A bright sunny Saturday (a break from all the rain!) and curiosity for a vegetarian ramen place brought me to the Collective.
What used to be a warehouse along Malugay Street in the business district of Makati and transformed a couple of years ago is now a low-rent space where it seems many of the young and creatively-inclined set in the area have opened several shops and restaurants.
Being a resident of Quezon City (which isn’t exactly close to Makati especially when you consider traffic-congested EDSA in between), I hardly venture to Makati unless it’s for work or it’s a place easily accessible by the MRT (hello, Buendia and Ayala Stations!). When I heard of the Collective years ago from some friends, I’ve always been curious to see the place. How was it similar and/or different from Quezon City’s Cubao X?
For fellow not-too-hip folks who are also late to the party, don’t expect the Collective to be anything like the usual shiny malls of Makati. It used to be an industrial space and remnants of that are still visible–at least what’s not covered in striking, colorful graffiti, some curious boutiques, or interesting restaurants.
Aside from the hip and artsy stores, what it has in common with Cubao X when the QC haunt came alive almost a decade ago (has it been that long?) is that you could tell it’s the kind of place that also comes alive in the evening. So when we get there at lunch time, everything is quiet. Save for a fashion shoot happening. Most of the activity are found within the restaurants by the entrance of the compound. And an hour later a crew would start setting up in the middle of the space for an after-party of an indie movie in the evening. I imagine the place would be substantially less quiet and more crowded by then.
Now back to the vegetarian joint. It wasn’t among the restos by the entrance. We took one of the few narrow hallways in the compound and found it. Wabi-Sabi. It’s not exclusively a ramen joint. It’s a no-frills vegetarian noodle house that serves meatless versions of pho, shoyu ramen, and miso ramen. We entered right before another couple, who got there it seems just a few minutes before the three women staff came in. While they prepped in their small and modest open kitchen, we stared at the menu scrawled on the chalkboard and ordered by the counter.
You can see that the food is cheap. We ordered Shoyu Ramen as recommended by a friend and Viet Pho (Miso Ramen was not available). For starters we had the Veggie Cracklings (Wabi-Sabi’s vegetarian version of chicharon or pork cracklings) and pot stickers.
The shoyu ramen broth was surprisingly flavorful and the mock meat tasted so much better than it looked. Downside: most of the noodles stuck to each other in clumps. It’s not going to give any Japanese ramen a run for its money, but it was okay and I wouldn’t mind having it again. (Along with the banh mi and kuapau the next time around.) P didn’t enjoy his pho at all. I think the meat-lover in him still searched for the flavor of simmered beef bones in the light broth. The pot stickers are better. The veggie cracklings had almost the same crunch as chicharon but it was quite salty. (The best vegetarian chicharon I’ve had was in Bliss Cafe, but it’s all the way up in Baguio.)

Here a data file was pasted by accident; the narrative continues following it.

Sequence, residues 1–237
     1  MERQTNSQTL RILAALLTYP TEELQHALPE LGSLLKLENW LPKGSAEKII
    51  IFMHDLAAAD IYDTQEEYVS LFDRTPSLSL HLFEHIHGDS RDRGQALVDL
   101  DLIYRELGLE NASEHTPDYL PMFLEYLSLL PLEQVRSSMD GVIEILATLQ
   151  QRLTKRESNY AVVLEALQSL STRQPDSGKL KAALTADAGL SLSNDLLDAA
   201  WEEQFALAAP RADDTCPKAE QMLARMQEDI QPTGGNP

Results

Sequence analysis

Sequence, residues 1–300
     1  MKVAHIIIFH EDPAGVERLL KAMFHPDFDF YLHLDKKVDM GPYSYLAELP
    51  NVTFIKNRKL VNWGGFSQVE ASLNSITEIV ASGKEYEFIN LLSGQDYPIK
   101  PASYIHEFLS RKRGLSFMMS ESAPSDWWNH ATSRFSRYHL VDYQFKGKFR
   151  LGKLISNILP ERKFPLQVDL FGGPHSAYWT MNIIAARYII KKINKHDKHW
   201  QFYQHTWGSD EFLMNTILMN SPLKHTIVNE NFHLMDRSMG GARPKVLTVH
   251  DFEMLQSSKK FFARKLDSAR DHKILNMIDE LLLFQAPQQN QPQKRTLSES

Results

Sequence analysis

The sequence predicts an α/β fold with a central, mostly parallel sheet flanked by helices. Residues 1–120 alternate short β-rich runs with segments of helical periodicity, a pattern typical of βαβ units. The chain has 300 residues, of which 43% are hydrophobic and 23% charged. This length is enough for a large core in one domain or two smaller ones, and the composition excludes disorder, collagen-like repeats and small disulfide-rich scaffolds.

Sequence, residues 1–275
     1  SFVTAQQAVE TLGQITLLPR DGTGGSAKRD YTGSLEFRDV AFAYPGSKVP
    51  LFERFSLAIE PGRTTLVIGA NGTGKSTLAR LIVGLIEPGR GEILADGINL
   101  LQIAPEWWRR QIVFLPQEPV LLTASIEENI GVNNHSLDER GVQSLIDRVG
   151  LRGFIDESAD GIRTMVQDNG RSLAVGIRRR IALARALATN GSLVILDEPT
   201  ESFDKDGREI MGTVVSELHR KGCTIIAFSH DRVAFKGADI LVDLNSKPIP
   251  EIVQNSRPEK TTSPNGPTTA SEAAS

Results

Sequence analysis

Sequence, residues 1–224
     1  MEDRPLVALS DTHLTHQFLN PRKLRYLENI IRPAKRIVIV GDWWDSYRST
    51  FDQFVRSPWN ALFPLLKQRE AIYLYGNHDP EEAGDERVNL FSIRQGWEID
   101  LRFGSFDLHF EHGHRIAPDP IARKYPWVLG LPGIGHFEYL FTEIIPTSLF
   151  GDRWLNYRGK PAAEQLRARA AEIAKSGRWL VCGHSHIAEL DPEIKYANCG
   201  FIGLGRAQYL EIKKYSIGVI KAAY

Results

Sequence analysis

Next door to Wabi-Sabi is Kaffir, which calls itself a Southeast Asian restaurant and deli. A picture of chicken satay on its door almost tempted me to have a second round of lunch. And I wanted to try its Green Monggo Lassi. (Any reader who stumbles upon this blog and has eaten in Kaffir, let me know if it’s any good.)
Most of the stores were still closed, but one of the few that was opened was Ritual.
Of the two places I wanted to see at the Collective–it was Wabi-Sabi and this eco-conscious store that sold fair-trade local goods. There was organic fine sea salt from Ilocos Norte, bars of tablea (our local chocolate), personal care products made of indigenous herbs and plants, favorite Filipino condiments, organic Arabica and Robusta coffee beans as well as civet coffee beans, organic rice, and local artisanal beer. So many things to buy…we ended up buying beer.
There are tables and chairs outside Ritual, so you can actually drink your booze there. But there is a bar just a few meters away, B-Side. There are more restaurants in Collective I’m curious to try. Another friend recommends Wingman. Mochiko is a mochi place that has lovely ice-cream filled mochi. There are so many reasons to come back. Preferably still around lunch, on a sunny Saturday.
How to get to the Collective: If you’re taking a car, take Gil Puyat from EDSA, turn right at Chino Roces, turn left at Yakal St., turn left at Mayapis, and turn left along Malugay. The Collective should be on your right. There are very few parking spaces in front. Even though it was a slow lunch time, we ended up parking by the side of road. I can only imagine the traffic and parking situation on a Friday or Saturday night. If you’re taking public transportation, take a jeep or bus that will pass by Gil Puyat, go down the corner of Gil Puyat and Chino Roces (the opposite side of McDonald’s). Walk along Chino Roces and turn left at the first corner, Malugay Street. Collective should be on your left.